Deconstructing romance...

When I was in my teens and 20's I had a lot of Hollywood-inspired ideas about romance.  But it would seem that if it were an accurate view, there would be a lot more "happily ever after." That love wouldn't fade.

In talking with some of my single friends who are dating, I've become curious about what draws people to each other.  Why do you choose a certain online profile? Why do you have 'click' with one person but not another?

We are seeking togetherness, but what is it that makes us choose? 

Of course, my personal experience influences my thinking on this. Why did I choose to fall in love with John? What was it about him that made him different? In my 20's I would have cited physical attraction (John and I have huge chemistry), intelligence, sense of fun, etc. but in my 40's looking back I wonder if that was really it? What if I didn't choose John based on his identity, but chose him based on what I thought he would do for my identity? I grew up with a lot of fear.  What if part of my reason for choosing John had to do with selecting someone who I perceived would keep me safe? (He is really strong and completely unafraid of conflict.) Or what if I chose him simply based on the way I believed he perceived me? What if I liked that version of myself and wanted to keep him around so that was reflected?

What if romantic love is much more about our own identity than the other persons?

As cynical as that sounds, I do believe in romantic love.  John and I have a marriage with a healthy dose of romance. (And John I hope you are cool with where my thoughts are taking me with this today.  I'm writing trying to find something that seems just there under the surface.)

John Welwood writes...The words 'I love you,' spoken in moments of genuine appreciation, wonder or caring arise from something perfectly pure within us--the capacity to open ourselves and say yes without reserve. Such moments of pure openheartedness bring us as close to natural perfection as we can come in this life. The warm and radiant yes of the heart is perfect, like the sun, in bringing all things to life and nourishing all that is truly human.

Even if we choose based on selfish reasons—who-I-am rather than who-he/she-is or who-we-are-together—there still remains this great capacity for openness in a romantic relationship that breaks through to the more. But again, I don't think this is about the other person.  All of the feelings, that willingness to be deeply and completely open comes from us. Something about that other person inspires enough trust that we take that step. We are willing to put aside our fear and guardedness and live from a place of love.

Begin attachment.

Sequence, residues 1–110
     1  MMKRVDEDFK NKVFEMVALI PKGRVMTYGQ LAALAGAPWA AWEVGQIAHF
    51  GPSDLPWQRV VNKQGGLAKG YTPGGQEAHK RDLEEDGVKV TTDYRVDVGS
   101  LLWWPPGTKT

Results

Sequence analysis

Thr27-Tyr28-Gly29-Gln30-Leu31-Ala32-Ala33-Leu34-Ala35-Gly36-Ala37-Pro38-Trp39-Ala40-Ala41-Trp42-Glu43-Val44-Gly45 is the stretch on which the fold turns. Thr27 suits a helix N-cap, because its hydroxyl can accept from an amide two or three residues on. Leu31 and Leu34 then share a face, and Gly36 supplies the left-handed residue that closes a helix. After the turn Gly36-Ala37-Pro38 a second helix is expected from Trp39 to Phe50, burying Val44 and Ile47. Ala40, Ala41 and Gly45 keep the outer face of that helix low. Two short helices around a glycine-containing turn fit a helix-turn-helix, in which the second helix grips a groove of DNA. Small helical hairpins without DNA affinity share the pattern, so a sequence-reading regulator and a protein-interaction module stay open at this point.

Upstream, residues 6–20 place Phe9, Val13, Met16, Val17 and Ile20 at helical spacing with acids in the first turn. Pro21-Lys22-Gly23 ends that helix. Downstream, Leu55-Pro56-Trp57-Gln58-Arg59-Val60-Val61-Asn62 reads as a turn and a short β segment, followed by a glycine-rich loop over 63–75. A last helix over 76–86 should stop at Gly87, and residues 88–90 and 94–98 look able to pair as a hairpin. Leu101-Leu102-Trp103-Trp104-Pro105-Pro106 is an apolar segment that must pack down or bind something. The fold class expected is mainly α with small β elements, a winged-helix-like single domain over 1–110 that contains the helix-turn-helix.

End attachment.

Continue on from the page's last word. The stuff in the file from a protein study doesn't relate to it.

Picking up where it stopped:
I believe it breaks down at the moment we get hurt. Something happens real or imagined and we are less willing to be as open.  But what if we could? What if we could stay?

One of the beautiful truths of my Christian faith is the path of forgiveness. Forgiveness allows people to stay. It creates a way to stay open and in that space that 'brings all things to life and nourishing all that is truly human."  One of the reasons I think marriage matters is that it creates a condition where you have to 'stay open and stay put.'  (Or at least it makes you stay put long enough so that you can figure out how to get back to open again.)

Love, romance, marriage isn't perfect, and it completely breaks down if only one in the couple is living in openness.  But I've come to understand that we have a lot of cultural baggage surrounding the idea of how it is supposed to happen and what it is supposed to be. At the end of the day, we choose. (Mostly on selfish reasons even if that is difficult to admit.) And maybe part of the key to romance has to do with taking responsibility for our own identity rather than laying that on our partner. After that, our job is simply to stay open. As open as we can possibly be. Because that is where the potential lies.

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© Random Cathy
Maira Gall